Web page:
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Does your lease have anything in it related to abandoned property?
Does the personal property have considerable value?
Have you sent any notice to the tenant regarding the abandoned property?
No worries, the question will remain open as long as you need it to..
Ok, NY has no set statutory written laws that address this and set out a fixed process, but there are a couple things that I would suggest that you do to protect yourself from any claim by the tenant.
First off, if this is just junk, you can simply dispose of it in the trash. But if there are things that have value, I would suggest inventorying it, then store anything that has value in a storage facility like you have done. Then I would send a written letter both regular mail and certified mail to the rental address stating that the personal property that was left will be disposed of in 30 days as abandoned if it is not reclaimed by paying any storage fees.
Then after 30 days, if they don't contact you to reclaim the property and pay the storage fees, you are free to sell, donate, or otherwise dispose of it and would be protected under the law as you gave them an opportunity to recover their property before disposing of it.
As an aside, in addition to being an attorney, I have also been a landlord for over 26 years...
If the tenant wants to make this an issue of this, then it is strictly a civil matter and the tenant will have to take it up in civil court. The police only get involved with criminal matters..
So I would just tell him to take it up in court if he wanted to make an issue of it.
As I mentioned earlier, there is no NY statute that addresses this for some reason. So the way that most landlords handle this is with a 30 day notice of abandonment before disposing of any abandoned property. The courts would look at this from the perspective that if someone didn't seek out their property within a month, then that is a pretty good indication that they have abandoned it.
But for future reference, I would add a clause to your lease that presumes abandonment automatically if they are gone over 30 days and haven't paid rent..
And yes, if you post it on the door and take a photo of the notice as well as keeping a copy, that is good proof that you attempted to give them an opportunity to retrieve their property prior to disposing of it as abandoned. Him telling you he is moving out doesn't help much unless you have proof of that in something like an email, text or voicemail.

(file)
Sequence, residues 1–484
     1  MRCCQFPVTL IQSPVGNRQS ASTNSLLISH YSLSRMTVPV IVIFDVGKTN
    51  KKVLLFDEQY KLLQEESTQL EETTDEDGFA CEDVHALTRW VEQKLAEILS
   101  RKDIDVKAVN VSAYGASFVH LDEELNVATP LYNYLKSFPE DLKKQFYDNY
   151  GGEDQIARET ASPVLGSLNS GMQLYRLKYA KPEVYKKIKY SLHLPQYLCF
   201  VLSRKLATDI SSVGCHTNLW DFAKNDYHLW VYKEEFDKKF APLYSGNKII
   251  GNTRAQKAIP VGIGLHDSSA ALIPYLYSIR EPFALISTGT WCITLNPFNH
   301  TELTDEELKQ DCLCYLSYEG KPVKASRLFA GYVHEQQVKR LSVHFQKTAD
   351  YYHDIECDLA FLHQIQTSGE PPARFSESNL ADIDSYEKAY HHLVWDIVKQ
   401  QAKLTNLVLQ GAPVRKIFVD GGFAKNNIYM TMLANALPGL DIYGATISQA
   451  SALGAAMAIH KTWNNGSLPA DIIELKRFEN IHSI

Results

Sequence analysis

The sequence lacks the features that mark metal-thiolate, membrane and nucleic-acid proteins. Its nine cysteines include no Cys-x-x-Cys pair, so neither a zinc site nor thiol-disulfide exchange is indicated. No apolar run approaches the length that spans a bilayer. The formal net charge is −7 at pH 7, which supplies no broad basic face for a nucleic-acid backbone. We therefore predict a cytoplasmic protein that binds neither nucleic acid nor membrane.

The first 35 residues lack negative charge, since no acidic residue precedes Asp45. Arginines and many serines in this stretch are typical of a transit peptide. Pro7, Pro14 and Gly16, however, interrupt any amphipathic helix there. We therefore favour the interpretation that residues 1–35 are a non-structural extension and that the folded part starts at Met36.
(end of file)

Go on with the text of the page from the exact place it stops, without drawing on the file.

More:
If the police broke in, then you can sue the police dept for any damages that they caused since the tenant has abandoned the property and this is not an illegal lockout, but rather you just retaking possession of an abandoned unit.
The police likely called the local housing court to see if you got a formal eviction against the tenant and if not, they decided it was an illegal lockout and decided to take action to gain entry. This is legal for them to do in NY if there is an illegal lockout. (Section #241-12 of the Patrolman's Guide.)
It does seem kind of odd though that all this is happening right now after 3 months of the tenant being gone...
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I don't understand what you mean by " if it's illegal for me to broke in abandoned apt for 3 mos"".... you are the owner so you can't break into your own property... you just retook possession after a presumed abandonment..
But what you should have done is just go ahead and evict the tenant when they got behind on the rent and then you could have legally disposed of everything without any question.
So at this point, if he has retaken possession and is claiming an illegal eviction, then I would go ahead and post a 3 day notice to pay everything that is owed for back rent and then go through a formal eviction. I would definitely contact the tenant and tell them that they can make arrangements to get their personal property out of storage so that mitigates any claim that they might try to make for personal property.
If the tenant tries to claim there was an illegal lockout, then you can just respond by showing that they haven't paid rent for 3 months and told you that they were leaving.
So you really shouldn't cut corners and try to avoid going through a formal eviction because it can end up with problems like this. Set up a fixed process and then follow it every time a tenant gets behind on rent. I tell tenants that this is just a business and I have to run it like one, so I follow a set process with every tenant...